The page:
Christmas 2017 – Why our trees last longer


Have you ever purchased a cut tree from a big box store only to have it completely dry out the following week?  We hear this story all the time during the Christmas season.  The big box stores are set up to churn out as much product as possible with as little extra work as possible.  This impacts not only the cost of the product but also the quality of the merchandise.

At Mingos, upon arrival, the bottom couple of inches of each fresh cut Christmas Tree is cut off to remove the wood full of dried sap.  This helps the tree take up the water it needs to stay green longer; just like a cut flower.

Cutting the bottom off of each tree to help with water adsorption.


After the bottoms are trimmed, each tree is hung upright sitting in a bowl of water. It is surprising how much water a fresh cut Christmas Tree can take up over a 24 hour period.  This ensures the tree will last as long as possible which is often past the New Year. Come see us at Mingos today!

Christmas 2017 – Wreaths and Garland

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For this Christmas season, Mingos has fresh wreaths in multiple sizes as well as garland by the foot.

Christmas 2017 – Statement Christmas Trees

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Mingos has fresh cut Christmas Trees!  And a few of our trees make a statement.  If you are looking for a large Christmas Tree for your home or business, come see us at Mingos.

We have the large Christmas Tree you have been looking for!

Large Christmas Tree

Looking for a fresh cut Christmas Tree that makes a statement?


No kink Flexzilla garden hoses are here!

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Flexizilla Garden Hoses

Flexzilla® Garden Hose was engineered with a lightweight Premium Hybrid Polymer to lie flat and eliminate kinking under pressure. It redefines flexibility, making it easy to maneuver around trees, bushes or other obstacles. Zero memory means your sprinkler stays put without twisting. And Flexzilla® Garden Hose doesn’t fight you when you coil it. Plus, with our superior O-ring you get a long-term, leak-free connection at the spigot that outlasts the competition by far. (Limited Lifetime Warranty)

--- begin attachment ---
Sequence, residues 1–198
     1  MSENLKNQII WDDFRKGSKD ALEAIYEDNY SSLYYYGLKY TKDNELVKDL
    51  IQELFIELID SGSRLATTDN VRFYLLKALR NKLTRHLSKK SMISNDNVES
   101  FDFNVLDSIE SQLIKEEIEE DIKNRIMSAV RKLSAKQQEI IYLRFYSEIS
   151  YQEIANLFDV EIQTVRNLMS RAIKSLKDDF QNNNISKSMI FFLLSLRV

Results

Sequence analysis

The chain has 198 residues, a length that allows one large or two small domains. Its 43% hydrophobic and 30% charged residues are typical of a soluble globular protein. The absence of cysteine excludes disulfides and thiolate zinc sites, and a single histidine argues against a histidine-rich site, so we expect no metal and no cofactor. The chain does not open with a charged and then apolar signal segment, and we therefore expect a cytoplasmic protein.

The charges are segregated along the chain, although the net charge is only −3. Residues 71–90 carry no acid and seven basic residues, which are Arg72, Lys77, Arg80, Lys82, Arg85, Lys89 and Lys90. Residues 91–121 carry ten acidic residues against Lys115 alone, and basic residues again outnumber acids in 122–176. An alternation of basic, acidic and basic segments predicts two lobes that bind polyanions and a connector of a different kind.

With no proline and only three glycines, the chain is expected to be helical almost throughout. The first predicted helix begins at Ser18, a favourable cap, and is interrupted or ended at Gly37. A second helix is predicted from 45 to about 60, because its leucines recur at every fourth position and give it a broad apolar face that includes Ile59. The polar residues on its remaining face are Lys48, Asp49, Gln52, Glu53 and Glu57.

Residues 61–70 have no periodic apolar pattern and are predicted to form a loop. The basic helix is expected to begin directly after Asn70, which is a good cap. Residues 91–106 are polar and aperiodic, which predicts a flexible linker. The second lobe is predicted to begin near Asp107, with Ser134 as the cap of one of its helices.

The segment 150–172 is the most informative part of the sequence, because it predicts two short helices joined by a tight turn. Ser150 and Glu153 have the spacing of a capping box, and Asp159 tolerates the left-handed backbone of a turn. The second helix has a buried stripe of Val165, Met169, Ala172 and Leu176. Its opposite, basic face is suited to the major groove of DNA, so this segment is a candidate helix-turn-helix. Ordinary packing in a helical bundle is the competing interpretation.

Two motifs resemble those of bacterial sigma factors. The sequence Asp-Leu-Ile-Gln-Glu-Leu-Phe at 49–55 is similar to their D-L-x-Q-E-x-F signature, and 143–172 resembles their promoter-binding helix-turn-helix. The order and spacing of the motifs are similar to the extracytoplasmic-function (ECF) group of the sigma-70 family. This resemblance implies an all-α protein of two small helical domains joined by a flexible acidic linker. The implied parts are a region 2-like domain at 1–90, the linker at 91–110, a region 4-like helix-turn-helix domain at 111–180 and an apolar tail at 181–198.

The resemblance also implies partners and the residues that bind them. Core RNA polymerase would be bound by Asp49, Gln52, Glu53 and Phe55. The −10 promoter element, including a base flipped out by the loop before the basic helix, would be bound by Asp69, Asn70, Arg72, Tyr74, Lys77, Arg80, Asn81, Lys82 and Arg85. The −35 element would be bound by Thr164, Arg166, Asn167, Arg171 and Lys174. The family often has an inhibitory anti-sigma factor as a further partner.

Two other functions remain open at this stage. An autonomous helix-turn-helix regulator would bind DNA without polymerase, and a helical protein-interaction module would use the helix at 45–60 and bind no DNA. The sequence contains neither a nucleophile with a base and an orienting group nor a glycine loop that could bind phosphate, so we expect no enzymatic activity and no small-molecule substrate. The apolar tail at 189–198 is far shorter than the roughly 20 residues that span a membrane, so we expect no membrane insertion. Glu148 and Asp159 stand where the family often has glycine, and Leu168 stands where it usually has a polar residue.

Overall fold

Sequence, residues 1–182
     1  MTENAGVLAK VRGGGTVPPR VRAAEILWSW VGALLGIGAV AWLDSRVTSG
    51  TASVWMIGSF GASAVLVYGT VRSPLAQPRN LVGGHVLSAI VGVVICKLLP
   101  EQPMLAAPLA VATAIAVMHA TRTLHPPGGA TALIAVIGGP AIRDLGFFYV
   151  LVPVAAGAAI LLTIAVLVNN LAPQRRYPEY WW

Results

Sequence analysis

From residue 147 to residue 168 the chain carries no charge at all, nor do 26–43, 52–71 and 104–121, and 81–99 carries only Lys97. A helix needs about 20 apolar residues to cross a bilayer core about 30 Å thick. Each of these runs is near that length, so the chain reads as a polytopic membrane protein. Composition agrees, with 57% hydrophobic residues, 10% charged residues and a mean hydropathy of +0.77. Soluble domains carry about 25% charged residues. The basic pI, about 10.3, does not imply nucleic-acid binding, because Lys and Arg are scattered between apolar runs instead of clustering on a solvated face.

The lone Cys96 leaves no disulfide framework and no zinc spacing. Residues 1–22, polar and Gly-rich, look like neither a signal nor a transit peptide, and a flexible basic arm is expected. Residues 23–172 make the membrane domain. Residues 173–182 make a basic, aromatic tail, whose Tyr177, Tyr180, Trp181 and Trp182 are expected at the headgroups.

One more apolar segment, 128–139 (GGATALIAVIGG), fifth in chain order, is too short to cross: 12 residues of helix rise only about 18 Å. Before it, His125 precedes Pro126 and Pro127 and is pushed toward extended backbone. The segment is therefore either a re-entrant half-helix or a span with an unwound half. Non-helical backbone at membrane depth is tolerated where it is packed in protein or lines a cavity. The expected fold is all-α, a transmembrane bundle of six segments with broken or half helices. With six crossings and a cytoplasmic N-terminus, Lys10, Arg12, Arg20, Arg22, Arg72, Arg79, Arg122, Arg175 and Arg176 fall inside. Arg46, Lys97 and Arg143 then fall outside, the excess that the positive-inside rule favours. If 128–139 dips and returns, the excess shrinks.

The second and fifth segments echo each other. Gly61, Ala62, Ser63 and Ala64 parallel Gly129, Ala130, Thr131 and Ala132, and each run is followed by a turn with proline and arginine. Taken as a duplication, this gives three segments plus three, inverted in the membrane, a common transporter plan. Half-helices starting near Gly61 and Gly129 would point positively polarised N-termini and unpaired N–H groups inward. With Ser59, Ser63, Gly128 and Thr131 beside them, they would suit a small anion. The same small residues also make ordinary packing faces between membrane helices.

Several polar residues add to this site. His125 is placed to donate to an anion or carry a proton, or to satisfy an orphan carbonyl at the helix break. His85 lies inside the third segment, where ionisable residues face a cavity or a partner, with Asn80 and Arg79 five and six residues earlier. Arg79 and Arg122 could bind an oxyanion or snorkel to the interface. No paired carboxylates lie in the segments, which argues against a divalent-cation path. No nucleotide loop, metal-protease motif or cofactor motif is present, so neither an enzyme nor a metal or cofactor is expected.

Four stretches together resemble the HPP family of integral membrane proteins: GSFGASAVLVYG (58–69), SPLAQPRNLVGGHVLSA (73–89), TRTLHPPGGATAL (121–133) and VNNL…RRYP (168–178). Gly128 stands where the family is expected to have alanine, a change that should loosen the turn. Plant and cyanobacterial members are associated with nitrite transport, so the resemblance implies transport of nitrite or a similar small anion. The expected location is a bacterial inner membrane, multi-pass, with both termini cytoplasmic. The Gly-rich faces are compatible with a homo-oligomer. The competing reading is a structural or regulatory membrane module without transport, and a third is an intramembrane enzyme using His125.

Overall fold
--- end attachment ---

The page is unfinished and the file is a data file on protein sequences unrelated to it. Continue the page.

Flexzilla® Garden Hoses Features

  • Less than half the weight of normal water hoses
  • Extreme all weather flexibility (-40° to +140° F)
  • Will not kink under pressure
  • No memory – lays flat
  • Abrasion resistant
  • 150 psi working pressure
  • Custom lengths available

Do You Deadhead?

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This might be a personal question but, do you deadhead? I don’t mean ARE you a deadhead.  That is your own business and I do not need to know.

But what I do want to know is, do you take the time to cut the spent (i.e. dead) flowers off your plants?

I have asked a number of people this question and have received all sorts of answers. Most of the time the answer is “no” for a number of different reasons. Almost as often is the confused look followed by, “Do I what?”  Maybe they are concerned I am asking the ARE you a deadhead question.  Many of us are grateful we grew up before the age of smart phones and social media so that our past stays in the past.

Of seasoned gardeners, it seems most deadhead sometimes or selectively depending upon the plant.  But I have met a few dedicated souls who will deadhead anything and everything including their neighbor’s plants if they get the chance.

Why deadhead? Think weed seeds.

Many of your flowering ornamentals (you know, the ones with the with showy flowers) produce flowers for a longer period of time if you remove the spent blooms.  Remember, a plant’s whole purpose to exist, as far as the plant is concerned, is to reproduce.  A properly pollinated flower will produce seed if left alone long enough.  Those seeds will make new plants.  Which is all well and good but if you put the plant in your garden to look at the pretty flowers, then seed production is probably irrelevant to you.  In some cases, seed production is something you want to prevent because each of those seeds has the potential to produce a new plant. Those new plants we often call weeds.